I feel a little bad for all of those people, which is probably the majority of you, who don’t watch “Lost,” have never watched “Lost,” and never care to watch “Lost.” Poor bastards. It’s been a rough week. It’s like Super Bowl week for those who hate football. The good news, at least, is that no one has paid any attention to the “American Idol” finale this year. Small blessings, I suppose. One more day, and we’ll all shut up about it.
Anyway, I’m dedicating this weekend’s box-office report to all of you who have had to suffer through the last week and, to a lesser extent, the last six years. On your behalf I say: Fuck the Losties. Shut up about that goddamn show already (for the rest of you, both Seth and Dan have reviews of the finale up.)
Anyway, the big news at the box office over the weekend was that Shrek 4 only managed a $71 million opening, which was the fourth biggest opening for an animated film all time and the fourth biggest opening for a fourth film in a series all time. And yet, the big story is what a disappointment $71 million was for a franchise whose last two films opened with $108 and $121 million (and they didn’t have the benefit of 3D ticket prices). It feels kind of ridiculous to call a $71 million opening a huge disappointment, but given the $165 million price tag on the film and the expectations for it, I can see the reasoning. Here’s a strange stat about the movie: 54 percent of those who saw Shrek Forever After were over the age of 25. Even accounting for all the parents in attendance, that’s an awful lot of adults for a kiddie flick. Right? Or is that normal?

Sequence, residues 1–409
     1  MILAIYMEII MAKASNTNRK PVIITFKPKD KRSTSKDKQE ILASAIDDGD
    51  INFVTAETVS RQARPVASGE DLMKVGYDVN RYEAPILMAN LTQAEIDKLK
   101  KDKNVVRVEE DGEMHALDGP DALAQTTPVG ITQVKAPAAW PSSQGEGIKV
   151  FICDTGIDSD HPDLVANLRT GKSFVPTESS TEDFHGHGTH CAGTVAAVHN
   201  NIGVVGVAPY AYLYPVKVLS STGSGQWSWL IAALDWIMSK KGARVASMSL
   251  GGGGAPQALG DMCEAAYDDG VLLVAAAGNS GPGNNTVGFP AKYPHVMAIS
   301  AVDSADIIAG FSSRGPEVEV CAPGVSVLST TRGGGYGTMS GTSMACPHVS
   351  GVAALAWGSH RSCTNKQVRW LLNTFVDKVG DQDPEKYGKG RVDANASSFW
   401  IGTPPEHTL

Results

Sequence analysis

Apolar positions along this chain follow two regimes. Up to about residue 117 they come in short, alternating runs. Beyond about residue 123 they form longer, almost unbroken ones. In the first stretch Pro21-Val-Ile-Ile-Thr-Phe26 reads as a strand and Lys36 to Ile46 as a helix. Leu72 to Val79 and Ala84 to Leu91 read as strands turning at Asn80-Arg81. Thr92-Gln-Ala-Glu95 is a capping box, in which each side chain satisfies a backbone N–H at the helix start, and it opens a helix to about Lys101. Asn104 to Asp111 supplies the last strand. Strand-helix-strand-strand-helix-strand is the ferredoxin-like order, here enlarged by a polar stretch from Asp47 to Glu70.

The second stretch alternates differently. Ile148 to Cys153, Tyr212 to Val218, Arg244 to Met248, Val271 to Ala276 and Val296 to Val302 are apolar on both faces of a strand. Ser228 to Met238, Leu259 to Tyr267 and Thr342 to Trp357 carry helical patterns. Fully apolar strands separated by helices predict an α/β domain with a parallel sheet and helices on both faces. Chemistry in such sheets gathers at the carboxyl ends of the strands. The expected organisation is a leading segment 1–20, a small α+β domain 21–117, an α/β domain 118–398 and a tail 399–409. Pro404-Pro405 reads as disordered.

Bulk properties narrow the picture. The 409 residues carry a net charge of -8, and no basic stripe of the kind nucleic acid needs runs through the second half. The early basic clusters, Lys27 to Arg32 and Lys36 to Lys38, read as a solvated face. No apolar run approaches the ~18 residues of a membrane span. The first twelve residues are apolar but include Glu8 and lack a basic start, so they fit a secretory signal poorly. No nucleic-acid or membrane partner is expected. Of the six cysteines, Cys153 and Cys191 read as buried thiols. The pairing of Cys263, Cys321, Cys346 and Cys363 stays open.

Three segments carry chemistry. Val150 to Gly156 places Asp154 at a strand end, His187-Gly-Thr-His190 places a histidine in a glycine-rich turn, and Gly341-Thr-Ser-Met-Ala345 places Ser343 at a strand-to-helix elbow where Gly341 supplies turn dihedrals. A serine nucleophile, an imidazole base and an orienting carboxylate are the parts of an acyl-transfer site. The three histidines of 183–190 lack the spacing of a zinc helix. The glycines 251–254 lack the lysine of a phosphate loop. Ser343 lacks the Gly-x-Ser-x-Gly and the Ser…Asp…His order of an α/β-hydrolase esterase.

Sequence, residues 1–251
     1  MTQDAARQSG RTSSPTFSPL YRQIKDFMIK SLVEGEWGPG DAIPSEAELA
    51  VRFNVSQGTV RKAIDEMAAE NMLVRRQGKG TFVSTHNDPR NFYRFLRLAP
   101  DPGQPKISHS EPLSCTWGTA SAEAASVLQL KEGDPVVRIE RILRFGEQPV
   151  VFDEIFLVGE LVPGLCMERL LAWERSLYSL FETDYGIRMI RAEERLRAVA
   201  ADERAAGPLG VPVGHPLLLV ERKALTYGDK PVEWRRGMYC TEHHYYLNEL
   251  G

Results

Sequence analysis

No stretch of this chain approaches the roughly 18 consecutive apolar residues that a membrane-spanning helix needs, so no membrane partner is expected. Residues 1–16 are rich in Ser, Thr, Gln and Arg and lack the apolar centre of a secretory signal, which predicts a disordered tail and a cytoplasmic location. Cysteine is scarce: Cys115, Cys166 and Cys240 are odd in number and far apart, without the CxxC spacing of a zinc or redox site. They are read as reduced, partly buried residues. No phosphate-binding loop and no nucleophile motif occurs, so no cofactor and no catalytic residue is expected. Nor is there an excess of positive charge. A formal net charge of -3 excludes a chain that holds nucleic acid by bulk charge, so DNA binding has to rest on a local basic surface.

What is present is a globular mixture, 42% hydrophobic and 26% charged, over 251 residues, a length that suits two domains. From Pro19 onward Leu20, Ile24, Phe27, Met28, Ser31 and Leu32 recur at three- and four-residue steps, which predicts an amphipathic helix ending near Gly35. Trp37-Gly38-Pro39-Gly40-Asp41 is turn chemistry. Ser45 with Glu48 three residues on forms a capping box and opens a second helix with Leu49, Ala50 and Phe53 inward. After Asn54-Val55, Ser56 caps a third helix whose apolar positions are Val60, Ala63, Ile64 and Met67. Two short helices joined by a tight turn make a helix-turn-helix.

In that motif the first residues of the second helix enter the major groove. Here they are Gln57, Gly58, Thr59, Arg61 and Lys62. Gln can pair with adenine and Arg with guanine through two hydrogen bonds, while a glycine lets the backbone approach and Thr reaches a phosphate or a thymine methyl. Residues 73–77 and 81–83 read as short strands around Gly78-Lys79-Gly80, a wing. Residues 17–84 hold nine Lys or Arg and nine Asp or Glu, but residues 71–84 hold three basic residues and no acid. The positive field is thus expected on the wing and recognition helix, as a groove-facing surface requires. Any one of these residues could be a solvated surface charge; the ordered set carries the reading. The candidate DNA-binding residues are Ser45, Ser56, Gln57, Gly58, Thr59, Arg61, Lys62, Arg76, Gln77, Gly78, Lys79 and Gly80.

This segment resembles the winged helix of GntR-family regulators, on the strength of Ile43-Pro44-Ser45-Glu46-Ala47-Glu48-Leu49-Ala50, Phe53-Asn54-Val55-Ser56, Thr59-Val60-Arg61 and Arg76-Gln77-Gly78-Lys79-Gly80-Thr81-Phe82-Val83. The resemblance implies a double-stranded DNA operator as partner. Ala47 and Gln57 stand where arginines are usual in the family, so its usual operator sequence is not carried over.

Nevertheless, there’s not another major 3D movie until Toy Story 3 on June 18th, so look for Shrek Forever After to hold fairly well over the next month (family films, on the whole, have better legs than other genres anyway). (And as per custom, we hold our non-Pixar animated film reviews until Monday. The Shrek 4 review will publish this afternoon).
The other big story was the spectacular dud that was MacGruber, which only opened in sixth place with $4.1 million, or less than what both Ladies Man and Blues Brother 2000 made in their debut weekends (and less than half what Night at the Roxbury opened with). The shame of it is this: MacGruber was a much better movie than any other SNL movie not named Wayne’s World or Blues Brothers (everything’s relative in the “SNL” movie world). Part of the problem here was the lack of advanced press screenings; it was held until from critics until late Thursday night (despite solid reviews out of SXSW), which turned out to be a mistake, as critics — by and large — didn’t hate it. Moreover, the hard-R language was not played up in marketing so most probably thought it was another tame “SNL” offering. Alas, Will Forte and his tiny penis posing nude for Playgirl failed to generate much interest for MacGruber.
Meanwhile, Iron Man 2 added another $26 million to bring its three-week total to $251 million; Robin Hood added another $18 million to bring its total to $66 million (crash and burn); and Letters to Juliet held well, dropping only 32 percent, to add another $9 million to bring it’s two-week total to $27 million.
Here’s your top ten.
1. “Shrek Forever After,” $71.3 million
2. “Iron Man 2,” $26.6 million ($251 million)
3. “Robin Hood,” $18.7 million ($66 million)
4. “Letters to Juliet,” $9.1 million ($27 million)
5. “Just Wright,” $4.2 million ($14 million)
6. “MacGruber,” $4.1 million
7. “Date Night,” $2.8 million ($90 million)
8. “A Nightmare on Elm Street,” $2.3 million ($59 million)
9. “How to Train Your Dragon,” $1.9 million ($210 million)
10. “Kites,” $1 million